This was just months prior to my beginning to have serious medical issues myself, and after years of attending "fertility clinic" to try and find out what was wrong with me, so that I could look forward to having a child of my own.  The doctors I worked with there, viewed me as a "normal healthy woman" that simply had issues with getting and staying pregnant.  I won't say that they disregarded the underlying issues, since they were very caring, and listened to me.  It wasn't until later, when I did begin having issues that the underlying causes were actually searched for, and that was also years in coming to light.

During that time, I began to gain weight for no apparent reason.  I was very active, swam every day, ran, lifted weights etc, and this was a noticeable weight gain.  I began having very serious migraines, abdominal pains that literally brought me to my knees.  I began to have issues with pressures in the atmosphere, with pain and discomfort in my hands and feet, hips that would crack and "get stuck" at times, and just general aches and pains in joints.  I was also becoming depressed because of being treated like a second class citizen with some of the very same doctors I'd worked with for extended periods of time.  I had one doctor tell me, "There is no way that you can be eating what you say you're eating and still weigh what you do."  This after I'd gone to one of them in desperation for help since I was fighting this mysterious weight gain so fiercely that I'd begun to eat 2 cups of rice a day and once a week adding a can of campbells's soup to it to add some much needed nutrition.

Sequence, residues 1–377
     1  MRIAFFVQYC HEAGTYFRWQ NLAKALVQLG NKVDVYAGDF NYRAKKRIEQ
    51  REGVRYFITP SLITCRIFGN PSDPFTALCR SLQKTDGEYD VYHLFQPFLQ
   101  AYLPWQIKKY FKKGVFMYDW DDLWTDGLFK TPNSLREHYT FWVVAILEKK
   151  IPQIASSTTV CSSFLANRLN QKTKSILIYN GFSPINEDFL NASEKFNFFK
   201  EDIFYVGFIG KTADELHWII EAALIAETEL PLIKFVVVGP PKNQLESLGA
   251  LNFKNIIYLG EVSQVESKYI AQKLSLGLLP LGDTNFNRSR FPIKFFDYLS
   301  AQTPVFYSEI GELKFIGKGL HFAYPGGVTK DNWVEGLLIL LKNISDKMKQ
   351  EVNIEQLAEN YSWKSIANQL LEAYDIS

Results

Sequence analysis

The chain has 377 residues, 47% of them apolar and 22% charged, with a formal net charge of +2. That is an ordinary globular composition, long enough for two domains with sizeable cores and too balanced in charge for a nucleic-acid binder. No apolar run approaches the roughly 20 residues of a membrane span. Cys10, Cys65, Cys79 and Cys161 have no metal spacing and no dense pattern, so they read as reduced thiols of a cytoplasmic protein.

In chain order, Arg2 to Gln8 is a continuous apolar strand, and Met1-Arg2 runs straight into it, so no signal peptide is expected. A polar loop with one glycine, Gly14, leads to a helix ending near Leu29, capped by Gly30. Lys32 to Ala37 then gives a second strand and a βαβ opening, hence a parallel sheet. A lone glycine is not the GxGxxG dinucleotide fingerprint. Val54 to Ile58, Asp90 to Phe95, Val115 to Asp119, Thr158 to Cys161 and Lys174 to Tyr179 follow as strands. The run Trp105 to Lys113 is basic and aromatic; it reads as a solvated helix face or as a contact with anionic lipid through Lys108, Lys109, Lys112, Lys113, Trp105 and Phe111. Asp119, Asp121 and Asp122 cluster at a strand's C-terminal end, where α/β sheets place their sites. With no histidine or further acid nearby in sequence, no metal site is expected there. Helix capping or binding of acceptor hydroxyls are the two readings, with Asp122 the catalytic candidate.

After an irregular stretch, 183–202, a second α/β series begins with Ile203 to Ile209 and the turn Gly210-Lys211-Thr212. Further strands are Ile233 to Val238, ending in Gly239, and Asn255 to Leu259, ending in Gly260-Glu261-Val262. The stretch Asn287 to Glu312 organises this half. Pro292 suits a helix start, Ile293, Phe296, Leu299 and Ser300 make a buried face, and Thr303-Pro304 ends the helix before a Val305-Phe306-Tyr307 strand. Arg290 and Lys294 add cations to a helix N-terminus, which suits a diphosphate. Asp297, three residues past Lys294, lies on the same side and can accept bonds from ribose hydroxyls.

Anyone who has never been in the military can not fully understand what it means to be gaining weight, or over weight while in the military.  You are regarded as a slacker, useless, stupid, or somehow less than competent at your job.  Since I was in charge of the area that I worked in, this was not a concept that held weight, regardless of how common it was, and was found to be inaccurate after I was in for surgery and out of the clinic for 30 days to heal.  I had written extensive instructions for every single thing we did every day, and was still consulted at my home during my healing process, and even had to come in to straighten things out while on medical leave.  Yet, all of a sudden, I was "stupid".  It's not something someone says to you, it's how they treat you.

Once diagnosed, I ended up losing 30 pounds in a month, which was a terrifying loss, and all of a sudden I was "smart" again.  A doctor I'd worked with for years overheard an interaction between me and some patients one day, and approached me to say, "I've never realized what a great Corpsman you really are."  I knew I was good at my job, LOL so it wasn't news to me.  It was just further evidence that ignorance prevails when people overlook someone simply due to outside factors.  My peers and subordinates knew my worth, and so did I, so quite frankly, I didn't need the outside confirmation.

During that time I was treated as if I were crazy, that one symptom and another just simply made no sense.  My vision was completely blacking out due to sudden onsets of my migraines, I was shrinking, and a spinal xray showed that my scoliosis was advancing.....which according to doctors I worked with was impossible in adulthood.  Then I tried to encourage the doctors to look at my diagnosis as a big picture, that one thing had very much to do with another.  The onset of it all was too closely related and manifesting in such a matter of time to be anything but one whole rather than a bunch of tiny pieces.  I was told then that they could not say that PCOD was the reason for my weight gain, migraines etc.  Yet 20 years later, they now know that it is a system wide endocrine disorder, and that I need metformin/glucophage to properly process food or it goes straight to the fat cells because though I produce insulin, the receptors are malformed.

They still know relatively little about my disease/syndrome for my liking, and I'd be more than happy to be an example of a learning patient for them, however, there are still far too many doctors out there that "know it all" to listen or learn from medical disorders or to listen.  The ones that have looked at my overall symptoms and illness, I'm sure, are the very same ones that helped to further understanding about it, though there is obviously still much to learn.